The gardern historian Dr Patrick Eyres (who featured here previously) has been involved in the restoration of the gardens of Wentworth Castle, in South Yorkshire. He is trying to find out more about the lead sculpture of a black man supporting a sundial that used to stand in front of the conservatory there. What was the meaning of such figures in a garden context?

Candlestand in the form of a chained African slave, late seventeenth century, at Dyrham Park, Gloucestershire. ©NTPL/Andreas von Einsiedel

Sculptures of black men, which were called blackamoors, sometimes represented slaves or servants. In Baroque interiors such figures, made of carved and painted wood, served as candlestands and tables. People at the time seemed to be happy to live with images of slaves in chains, which today we would obviously find disturbing.

Lead figure of a kneeling Indian slave at Melbourne Hall. ©Gardenvisit.com

There may have been a religious aspect to this imagery, as a representation of the enslavement of the soul by the body. Richard Wheeler, National Trust gardens curator, speculates that this might have been the meaning of the figures of the African and Indian kneeling slaves in the garden at Melbourne Hall, Derbyshire (image kindly provided by Gardenvisit.com). The figures are situated near the metal garden pavilion called the Birdcage, which had a similar symbolic meaning.

Lead figure of an African supporting a sundial in the garden at Dunham Massey, with the stables beyond. ©NTPL/Matthew Antrobus

Another, more positive explanation is that such figures (including those of other races) represented the four continents as they were defined in the seventeenth and eighteenth centuries: Africa, America, Asia and Europe. By extension they would then stand for ‘the known world’.

Back view of the Dunham figure. ©NTPL/Nick Meers

The lead figure of an African holding up a sundial at Dunham Massey, Cheshire, seems to be one of these ‘continents’. It was probably made by Andries Carpentière (1670-1737), who supplied numerous sculptures for the house (and for the Booth family monuments in nearby Bowdon church) in the 1730s.

Bird’s-eye view of Dunham massey from the south-east, by John Harris, c. 1750. ©NTPL/Angelo Hornak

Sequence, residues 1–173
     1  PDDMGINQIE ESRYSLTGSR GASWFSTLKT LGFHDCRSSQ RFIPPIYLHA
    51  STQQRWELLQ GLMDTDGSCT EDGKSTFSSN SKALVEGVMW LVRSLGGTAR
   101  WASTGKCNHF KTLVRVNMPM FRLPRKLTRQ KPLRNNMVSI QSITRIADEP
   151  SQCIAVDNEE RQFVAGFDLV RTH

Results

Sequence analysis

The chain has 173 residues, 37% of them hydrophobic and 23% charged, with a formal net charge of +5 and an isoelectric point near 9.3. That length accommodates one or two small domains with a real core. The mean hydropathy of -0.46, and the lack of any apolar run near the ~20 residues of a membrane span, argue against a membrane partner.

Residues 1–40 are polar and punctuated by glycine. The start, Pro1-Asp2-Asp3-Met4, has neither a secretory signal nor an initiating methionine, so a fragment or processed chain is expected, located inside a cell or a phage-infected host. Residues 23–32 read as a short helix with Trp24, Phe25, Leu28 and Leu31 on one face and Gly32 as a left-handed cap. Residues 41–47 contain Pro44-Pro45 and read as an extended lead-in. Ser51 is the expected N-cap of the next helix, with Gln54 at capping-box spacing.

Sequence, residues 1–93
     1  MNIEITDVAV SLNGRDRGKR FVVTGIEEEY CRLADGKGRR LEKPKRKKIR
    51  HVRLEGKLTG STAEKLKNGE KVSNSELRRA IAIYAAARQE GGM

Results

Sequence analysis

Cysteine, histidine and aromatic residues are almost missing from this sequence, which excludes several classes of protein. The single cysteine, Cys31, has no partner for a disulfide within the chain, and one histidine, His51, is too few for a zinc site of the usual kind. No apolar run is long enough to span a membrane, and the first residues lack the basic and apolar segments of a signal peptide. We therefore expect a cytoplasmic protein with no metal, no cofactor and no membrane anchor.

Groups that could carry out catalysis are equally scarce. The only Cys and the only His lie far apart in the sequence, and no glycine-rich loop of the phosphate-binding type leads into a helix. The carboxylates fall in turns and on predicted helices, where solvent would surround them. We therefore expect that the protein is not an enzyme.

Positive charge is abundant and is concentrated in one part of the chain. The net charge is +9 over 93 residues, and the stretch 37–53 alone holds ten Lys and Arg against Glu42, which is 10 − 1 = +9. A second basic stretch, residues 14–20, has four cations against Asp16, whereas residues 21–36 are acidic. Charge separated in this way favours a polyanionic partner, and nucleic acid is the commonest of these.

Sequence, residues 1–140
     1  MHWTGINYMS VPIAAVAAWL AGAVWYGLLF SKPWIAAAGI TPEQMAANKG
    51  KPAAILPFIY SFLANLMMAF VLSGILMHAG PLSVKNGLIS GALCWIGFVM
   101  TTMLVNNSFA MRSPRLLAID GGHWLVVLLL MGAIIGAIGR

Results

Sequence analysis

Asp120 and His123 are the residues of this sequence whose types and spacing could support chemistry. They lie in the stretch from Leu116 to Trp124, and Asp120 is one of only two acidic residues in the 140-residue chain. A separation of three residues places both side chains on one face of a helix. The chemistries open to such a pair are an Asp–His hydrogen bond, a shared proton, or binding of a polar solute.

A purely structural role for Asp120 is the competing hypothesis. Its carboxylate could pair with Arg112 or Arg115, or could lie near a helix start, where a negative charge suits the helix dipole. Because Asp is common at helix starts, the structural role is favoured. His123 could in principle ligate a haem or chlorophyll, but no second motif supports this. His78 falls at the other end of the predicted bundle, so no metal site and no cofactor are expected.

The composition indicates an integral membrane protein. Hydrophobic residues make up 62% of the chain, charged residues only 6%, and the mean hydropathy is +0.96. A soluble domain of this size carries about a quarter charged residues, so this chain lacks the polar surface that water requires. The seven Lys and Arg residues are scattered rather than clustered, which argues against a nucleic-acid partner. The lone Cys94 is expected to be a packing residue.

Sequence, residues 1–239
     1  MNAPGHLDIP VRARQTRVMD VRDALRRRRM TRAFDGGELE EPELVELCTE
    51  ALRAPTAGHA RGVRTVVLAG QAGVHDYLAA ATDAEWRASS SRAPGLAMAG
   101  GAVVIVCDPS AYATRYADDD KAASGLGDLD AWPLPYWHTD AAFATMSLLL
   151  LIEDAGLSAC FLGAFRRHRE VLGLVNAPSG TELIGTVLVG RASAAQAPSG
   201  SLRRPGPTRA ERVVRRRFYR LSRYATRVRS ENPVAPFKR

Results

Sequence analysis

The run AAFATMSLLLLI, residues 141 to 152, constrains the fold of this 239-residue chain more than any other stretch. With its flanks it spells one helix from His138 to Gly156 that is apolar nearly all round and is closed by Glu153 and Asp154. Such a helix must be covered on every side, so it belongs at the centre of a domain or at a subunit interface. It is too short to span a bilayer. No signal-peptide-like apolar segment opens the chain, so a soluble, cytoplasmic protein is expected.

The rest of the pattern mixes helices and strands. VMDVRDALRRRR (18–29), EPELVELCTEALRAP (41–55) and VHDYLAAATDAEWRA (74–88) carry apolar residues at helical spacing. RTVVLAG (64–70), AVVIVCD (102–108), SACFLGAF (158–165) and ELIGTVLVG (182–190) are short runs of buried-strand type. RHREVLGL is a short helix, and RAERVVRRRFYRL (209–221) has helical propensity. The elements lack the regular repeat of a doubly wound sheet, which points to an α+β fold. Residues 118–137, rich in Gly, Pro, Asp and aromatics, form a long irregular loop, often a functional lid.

The African can be seen in the bird’s-eye-view paintings by Richard Harris painted in about 1750, in the centre of the lawn below the south front of the house. Most of the other figures were removed by the fifth Earl of Stamford in the late eighteenth century.

Detail of another Harris view, showing the sundial in front of the house.

Do leave a comment if you can offer other examples or possible explanations.

As it happens, there will be a symposium at Harvard University next week on ‘The Image of the Black in Western Art’  – details of that and of the associated multi-volume book and exhibition can be found via the Enfilade blog.

Mr Vernon’s murals

July 6, 2010

Hanbury Hall. ©NTPL/Dennis Gilbert

Hanbury Hall, in Worcestershire, was left to the National Trust in 1940. An endowment was provided for the house by an anonymous donor in 1953.

Bust of Thomas Vernon attributed to Edward Stanton. ©NTPL/John Hammond

The house was rebuilt in its present form around 1700 by Thomas Vernon (1654-1721), a wealthy lawyer and Whig Member of Parliament.

The Painted Staircase at Hanbury. ©NTPL/Nadia Mackenzie

Hanbury contains a staircase with an amazing set of murals showing Greek deities and mythological figures. These were created for Thomas Vernon by Sir James Thornhill (1675-1734) from about 1710. At about the same time Thornhill was also working on his masterpiece, the Painted Hall at Greenwich Hospital

A figure of Mercury hovering at the juncture of the wall and the ceiling. ©Perry Lithgow Partnership

Mercury under UV light, showing up earlier retouchings as darker areas. ©Perry Lithgow Partnership